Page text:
Tag: shane allen
With the proliferation of wacky themed shows filling our airwaves there is nothing better than pitching one myself to the BBC.
This one can’t be as bad as Gogglebox or the new one, Gogglebox in the kitchen. And lest we forget the classic fixed rig camera show set in a pub.
One thinks that i may be waiting a long time for them to get back to me.
So, i have the ability to login to the BBC online commissioning site and submit ideas but in reality nothing will ever be commissioned here as the “pickers” have their own relationships.
This doesn’t mean i can’t submit wacky ideas (I mean, where did Gogglebox or Benefits Street come from?) so here is one of my ideas.
God forbid it actually gets to the meeting stage but stranger things have happened!
Disclaimer: This is a broad generalization when referring to specific episodes but I am making an overall point so don’t dick me over some late night show which you term a classic.
Each decade of television (and radio) has had an element of the radical that has changed the landscape and influenced the following generation from the Goon Show (1950’s), Tony Hancock (1960’s), Monty Python/ Q (1970’s), Blackadder/ The Young Ones/ Only Fools and Horses/ Spitting Image (1980’s), The Day Today, Big Train (1990’s), The Office, Nighty Night and Nathan Barley in the noughties.
Obviously there was a load of crap that fell by the wayside (Fresh Fields/ Curry and Chips/ Mind your Language) but the last one on my list is the point I am making albeit a broad one.
For me the last great comedy series was Nathan Barley and due to it’s reception was considered an artistic failure, which seemed to be a Chris Morris backlash. Since then there has been nothing challenging which is curious because comedy is about as fashionable as Anna Wintour these days.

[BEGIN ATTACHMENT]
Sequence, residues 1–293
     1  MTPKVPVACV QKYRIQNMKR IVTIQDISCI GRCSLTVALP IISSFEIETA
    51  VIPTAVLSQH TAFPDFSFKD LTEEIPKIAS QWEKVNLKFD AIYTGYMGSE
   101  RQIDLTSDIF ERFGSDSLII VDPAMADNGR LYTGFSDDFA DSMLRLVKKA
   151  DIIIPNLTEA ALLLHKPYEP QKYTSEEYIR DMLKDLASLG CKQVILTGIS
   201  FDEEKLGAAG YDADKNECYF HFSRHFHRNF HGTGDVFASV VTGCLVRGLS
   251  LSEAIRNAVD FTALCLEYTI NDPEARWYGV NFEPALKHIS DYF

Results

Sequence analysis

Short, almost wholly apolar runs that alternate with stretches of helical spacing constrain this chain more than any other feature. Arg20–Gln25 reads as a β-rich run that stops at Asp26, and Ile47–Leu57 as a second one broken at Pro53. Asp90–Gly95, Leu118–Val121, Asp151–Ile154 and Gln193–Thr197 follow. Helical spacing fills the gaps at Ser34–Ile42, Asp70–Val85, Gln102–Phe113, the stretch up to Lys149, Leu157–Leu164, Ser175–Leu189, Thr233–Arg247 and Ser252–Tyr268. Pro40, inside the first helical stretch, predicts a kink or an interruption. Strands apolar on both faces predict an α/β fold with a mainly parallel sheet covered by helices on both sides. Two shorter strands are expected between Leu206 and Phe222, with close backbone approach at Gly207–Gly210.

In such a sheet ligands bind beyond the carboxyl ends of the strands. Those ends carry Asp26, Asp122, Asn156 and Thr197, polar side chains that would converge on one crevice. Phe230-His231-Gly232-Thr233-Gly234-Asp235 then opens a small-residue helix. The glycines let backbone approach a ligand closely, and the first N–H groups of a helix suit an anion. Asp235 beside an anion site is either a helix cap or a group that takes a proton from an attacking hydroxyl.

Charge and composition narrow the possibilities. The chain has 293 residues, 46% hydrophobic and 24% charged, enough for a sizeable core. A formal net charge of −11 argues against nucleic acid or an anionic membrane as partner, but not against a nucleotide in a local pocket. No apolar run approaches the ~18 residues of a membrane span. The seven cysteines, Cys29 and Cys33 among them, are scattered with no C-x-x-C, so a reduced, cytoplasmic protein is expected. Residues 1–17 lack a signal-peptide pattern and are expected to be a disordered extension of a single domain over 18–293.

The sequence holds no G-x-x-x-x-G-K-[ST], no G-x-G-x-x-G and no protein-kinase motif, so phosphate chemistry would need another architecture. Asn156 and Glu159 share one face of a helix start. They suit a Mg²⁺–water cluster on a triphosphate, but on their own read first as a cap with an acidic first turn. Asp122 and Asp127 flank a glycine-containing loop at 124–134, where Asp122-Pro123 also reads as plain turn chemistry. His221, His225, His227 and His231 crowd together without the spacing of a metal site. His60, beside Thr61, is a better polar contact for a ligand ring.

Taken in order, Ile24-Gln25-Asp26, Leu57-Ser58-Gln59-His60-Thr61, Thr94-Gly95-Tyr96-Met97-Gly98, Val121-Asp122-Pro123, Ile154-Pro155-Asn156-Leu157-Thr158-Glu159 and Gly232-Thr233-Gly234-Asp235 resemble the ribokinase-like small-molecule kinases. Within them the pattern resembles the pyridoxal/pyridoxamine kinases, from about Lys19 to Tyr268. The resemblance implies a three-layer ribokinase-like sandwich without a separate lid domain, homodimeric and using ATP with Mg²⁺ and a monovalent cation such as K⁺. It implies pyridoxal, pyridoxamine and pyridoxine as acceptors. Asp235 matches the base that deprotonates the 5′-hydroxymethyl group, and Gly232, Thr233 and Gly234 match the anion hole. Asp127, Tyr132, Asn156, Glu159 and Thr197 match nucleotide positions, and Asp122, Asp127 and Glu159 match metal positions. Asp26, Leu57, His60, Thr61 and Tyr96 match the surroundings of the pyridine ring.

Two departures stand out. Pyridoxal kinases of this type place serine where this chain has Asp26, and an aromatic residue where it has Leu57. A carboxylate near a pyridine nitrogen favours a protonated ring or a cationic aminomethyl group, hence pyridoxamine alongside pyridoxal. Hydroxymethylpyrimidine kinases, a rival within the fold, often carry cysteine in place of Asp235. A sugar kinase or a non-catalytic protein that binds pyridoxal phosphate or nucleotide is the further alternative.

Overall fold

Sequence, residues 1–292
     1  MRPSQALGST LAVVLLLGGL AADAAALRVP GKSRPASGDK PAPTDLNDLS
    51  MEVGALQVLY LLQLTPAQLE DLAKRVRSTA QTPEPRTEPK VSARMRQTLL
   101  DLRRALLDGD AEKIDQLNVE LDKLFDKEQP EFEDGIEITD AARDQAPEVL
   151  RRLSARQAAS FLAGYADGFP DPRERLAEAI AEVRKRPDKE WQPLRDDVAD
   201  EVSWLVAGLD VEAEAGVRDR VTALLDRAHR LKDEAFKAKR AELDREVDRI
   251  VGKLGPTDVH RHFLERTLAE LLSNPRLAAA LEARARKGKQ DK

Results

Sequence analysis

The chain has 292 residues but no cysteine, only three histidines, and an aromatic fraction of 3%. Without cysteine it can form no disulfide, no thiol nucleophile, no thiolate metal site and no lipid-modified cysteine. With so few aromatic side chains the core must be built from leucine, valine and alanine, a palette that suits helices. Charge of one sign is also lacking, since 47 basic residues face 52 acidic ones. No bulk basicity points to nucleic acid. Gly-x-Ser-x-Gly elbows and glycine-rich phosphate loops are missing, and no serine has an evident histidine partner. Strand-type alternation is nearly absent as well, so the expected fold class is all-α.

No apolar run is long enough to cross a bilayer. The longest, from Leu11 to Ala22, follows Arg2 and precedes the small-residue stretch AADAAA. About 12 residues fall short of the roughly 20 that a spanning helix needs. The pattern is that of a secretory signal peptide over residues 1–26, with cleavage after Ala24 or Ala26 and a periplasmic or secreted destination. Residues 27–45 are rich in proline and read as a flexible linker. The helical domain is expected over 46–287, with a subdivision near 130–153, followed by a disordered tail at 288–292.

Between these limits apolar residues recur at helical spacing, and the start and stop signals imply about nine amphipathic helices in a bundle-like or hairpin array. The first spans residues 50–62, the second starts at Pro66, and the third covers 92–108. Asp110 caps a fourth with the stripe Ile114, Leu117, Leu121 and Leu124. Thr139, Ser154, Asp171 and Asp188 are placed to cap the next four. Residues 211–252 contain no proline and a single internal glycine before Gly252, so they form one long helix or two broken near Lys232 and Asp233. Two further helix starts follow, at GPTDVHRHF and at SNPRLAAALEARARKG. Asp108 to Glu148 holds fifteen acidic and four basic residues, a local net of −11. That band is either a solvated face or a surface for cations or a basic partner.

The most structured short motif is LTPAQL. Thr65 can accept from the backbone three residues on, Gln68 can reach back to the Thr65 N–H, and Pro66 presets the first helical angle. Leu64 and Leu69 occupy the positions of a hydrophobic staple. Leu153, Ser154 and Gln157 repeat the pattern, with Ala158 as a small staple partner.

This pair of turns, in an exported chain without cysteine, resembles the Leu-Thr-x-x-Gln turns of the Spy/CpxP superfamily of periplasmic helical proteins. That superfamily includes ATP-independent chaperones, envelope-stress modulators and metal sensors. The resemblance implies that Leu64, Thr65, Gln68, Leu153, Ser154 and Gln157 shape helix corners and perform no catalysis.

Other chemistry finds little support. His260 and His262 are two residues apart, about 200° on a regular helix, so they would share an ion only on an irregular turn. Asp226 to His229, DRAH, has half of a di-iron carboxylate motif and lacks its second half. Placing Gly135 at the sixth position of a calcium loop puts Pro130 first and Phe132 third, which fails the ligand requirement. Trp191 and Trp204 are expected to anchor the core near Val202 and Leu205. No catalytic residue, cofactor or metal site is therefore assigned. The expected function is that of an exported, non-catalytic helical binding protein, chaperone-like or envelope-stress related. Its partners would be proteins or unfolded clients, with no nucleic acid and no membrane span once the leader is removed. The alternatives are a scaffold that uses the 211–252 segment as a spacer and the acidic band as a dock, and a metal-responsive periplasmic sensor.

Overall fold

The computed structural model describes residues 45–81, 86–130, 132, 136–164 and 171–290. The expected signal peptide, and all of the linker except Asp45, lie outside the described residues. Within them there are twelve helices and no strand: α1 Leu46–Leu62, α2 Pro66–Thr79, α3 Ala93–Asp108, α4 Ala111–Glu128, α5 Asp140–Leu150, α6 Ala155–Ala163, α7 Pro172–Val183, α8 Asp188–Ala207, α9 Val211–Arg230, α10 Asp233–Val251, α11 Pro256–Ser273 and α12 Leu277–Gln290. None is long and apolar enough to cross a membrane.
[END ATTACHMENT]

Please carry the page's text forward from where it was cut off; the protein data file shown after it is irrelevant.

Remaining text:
Here is something I don’t get; I get grilled about getting the perfect one line pitch that sells a sitcom script. Fine, it’s all good as nobody needs to hear some meandering semi nebulous idea of a boy in love with a fish (believe it or not this was made into a short film that propelled a talentless director to current mainstream success. When I recently went to a pitch session with established commissioners my semi meandering was battered to submission and I learned a lot about being concise and to the point. I may have a few completed scripts but before I get there I need to pitch within 3 minutes to people who have less than 2 for such things.
So what’s my point?
Read this for a pitch: Two supermarket colleagues who are forced to drive together in a company car share scheme.
Admittedly it is a press release for the public but as it’s Peter Kay, he must have had a longer pitch to go into more detail as the one-liner is a bit of an uninspiring one even though you know it will be a well-written show and therefore should have been worded better as if you are sitting in front of the commissioner himself . The people reading the article are going to be the eventual audience anyway.
Another pitch made is: A three-parter written by Peep Show co-writer Jesse Armstrong, about a politician compromised by his sexual appetites, is planned for BBC2.
Again with his pedigree it will be a solidly written piece of work but as the pitch is given it sounds pretty much like the other similarly themed programmes made recently. Sounds generic and if I pitched these two as they were I would be curtly kicked in the face. But then again they have earned their merit badges and can say anything/ do anything and have more time with the commissioners. Maybe it just took me 331 words to just say hypocrisy.
In essence I have to get my act to 3 mins and the established get considerably longer.